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The science of studying diamond inclusions for understanding Earth history has developed significantly over the past decades, with new instrumentation and techniques applied to diamond sample archives revealing the stories contained within diamond inclusions. This chapter reviews what diamonds can tell us about the deep carbon cycle over the course of Earth’s history. It reviews how the geochemistry of diamonds and their inclusions inform us about the deep carbon cycle, the origin of the diamonds in Earth’s mantle, and the evolution of diamonds through time.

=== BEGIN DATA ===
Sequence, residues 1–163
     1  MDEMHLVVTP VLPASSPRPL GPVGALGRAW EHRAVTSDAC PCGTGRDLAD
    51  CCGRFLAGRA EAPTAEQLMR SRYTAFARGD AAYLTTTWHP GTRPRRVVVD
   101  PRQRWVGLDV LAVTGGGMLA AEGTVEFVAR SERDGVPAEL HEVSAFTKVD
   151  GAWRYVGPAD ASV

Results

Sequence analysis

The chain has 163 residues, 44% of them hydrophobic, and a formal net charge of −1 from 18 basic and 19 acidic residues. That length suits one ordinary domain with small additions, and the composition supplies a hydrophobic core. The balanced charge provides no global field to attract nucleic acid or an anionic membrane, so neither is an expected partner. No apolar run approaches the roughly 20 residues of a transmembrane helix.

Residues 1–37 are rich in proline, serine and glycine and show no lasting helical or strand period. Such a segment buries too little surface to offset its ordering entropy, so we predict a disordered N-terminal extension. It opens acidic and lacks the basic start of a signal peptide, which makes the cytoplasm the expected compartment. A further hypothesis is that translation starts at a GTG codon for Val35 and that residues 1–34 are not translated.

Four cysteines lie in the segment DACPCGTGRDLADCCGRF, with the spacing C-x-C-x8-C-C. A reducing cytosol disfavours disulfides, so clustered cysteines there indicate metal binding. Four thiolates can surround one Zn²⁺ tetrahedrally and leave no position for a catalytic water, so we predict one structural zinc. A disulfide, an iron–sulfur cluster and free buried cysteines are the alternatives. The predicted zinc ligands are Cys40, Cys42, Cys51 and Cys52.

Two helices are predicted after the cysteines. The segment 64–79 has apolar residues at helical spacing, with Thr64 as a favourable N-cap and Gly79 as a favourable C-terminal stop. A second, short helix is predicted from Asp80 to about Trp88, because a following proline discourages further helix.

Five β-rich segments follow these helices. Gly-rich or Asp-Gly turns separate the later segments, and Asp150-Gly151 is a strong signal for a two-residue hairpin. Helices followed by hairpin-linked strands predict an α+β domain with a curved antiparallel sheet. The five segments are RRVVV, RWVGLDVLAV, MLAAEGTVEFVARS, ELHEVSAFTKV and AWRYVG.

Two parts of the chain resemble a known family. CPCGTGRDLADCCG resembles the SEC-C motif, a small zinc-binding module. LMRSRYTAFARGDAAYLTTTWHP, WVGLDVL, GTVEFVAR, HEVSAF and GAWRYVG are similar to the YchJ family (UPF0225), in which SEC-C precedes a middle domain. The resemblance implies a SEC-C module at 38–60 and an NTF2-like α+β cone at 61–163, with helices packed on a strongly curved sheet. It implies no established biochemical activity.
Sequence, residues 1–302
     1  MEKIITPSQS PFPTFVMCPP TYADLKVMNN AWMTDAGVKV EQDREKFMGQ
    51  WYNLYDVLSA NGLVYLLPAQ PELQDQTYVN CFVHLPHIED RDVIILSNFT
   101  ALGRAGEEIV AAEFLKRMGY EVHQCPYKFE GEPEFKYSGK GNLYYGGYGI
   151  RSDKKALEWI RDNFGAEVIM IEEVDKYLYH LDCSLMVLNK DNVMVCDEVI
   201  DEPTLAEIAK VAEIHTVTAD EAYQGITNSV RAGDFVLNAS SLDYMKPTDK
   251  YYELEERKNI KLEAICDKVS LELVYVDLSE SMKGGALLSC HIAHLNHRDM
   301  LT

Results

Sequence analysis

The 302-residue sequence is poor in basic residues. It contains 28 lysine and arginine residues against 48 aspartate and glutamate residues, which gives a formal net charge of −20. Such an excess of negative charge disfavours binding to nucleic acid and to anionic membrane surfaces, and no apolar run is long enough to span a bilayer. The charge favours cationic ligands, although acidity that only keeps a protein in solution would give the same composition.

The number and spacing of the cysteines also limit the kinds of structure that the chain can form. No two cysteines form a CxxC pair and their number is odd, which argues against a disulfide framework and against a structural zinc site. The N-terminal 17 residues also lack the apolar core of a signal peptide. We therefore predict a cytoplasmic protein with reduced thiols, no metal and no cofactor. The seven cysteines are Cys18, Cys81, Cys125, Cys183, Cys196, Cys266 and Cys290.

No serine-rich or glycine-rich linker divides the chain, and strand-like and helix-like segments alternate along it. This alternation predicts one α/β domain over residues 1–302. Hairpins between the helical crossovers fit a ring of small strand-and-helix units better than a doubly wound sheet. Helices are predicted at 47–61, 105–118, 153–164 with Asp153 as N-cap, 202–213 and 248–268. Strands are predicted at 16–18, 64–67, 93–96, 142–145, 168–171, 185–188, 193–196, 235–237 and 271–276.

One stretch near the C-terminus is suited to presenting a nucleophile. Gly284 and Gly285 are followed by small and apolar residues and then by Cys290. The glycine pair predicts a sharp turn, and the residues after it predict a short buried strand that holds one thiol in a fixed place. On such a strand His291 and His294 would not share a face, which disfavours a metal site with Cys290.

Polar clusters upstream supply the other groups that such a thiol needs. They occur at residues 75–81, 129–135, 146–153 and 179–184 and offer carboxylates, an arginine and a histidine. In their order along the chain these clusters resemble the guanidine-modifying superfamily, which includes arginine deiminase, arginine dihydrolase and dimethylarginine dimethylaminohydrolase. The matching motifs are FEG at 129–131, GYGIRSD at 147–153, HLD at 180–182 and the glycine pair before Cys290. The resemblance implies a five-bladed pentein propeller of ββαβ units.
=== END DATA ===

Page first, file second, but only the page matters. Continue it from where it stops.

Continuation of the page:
This chapter provides a summary of the flux of carbon through various oceanic volcanic centers such as mid-ocean ridges and intraplate settings, as well as what these fluxes indicate about the carbon content of the mantle. By reviewing methods used to measure the carbon geochemistry of basalts and then to estimate fluxes, the chapter provides insight into how mantle melting and melt extraction processes are estimated. The chapter discusses how the flux of carbon compares with other incompatible trace elements and gases. From there, the chapter discusses whether the budget of carbon in the ocean mantle can be explained by primordial carbon or whether carbon recycling is required to balance the budget.
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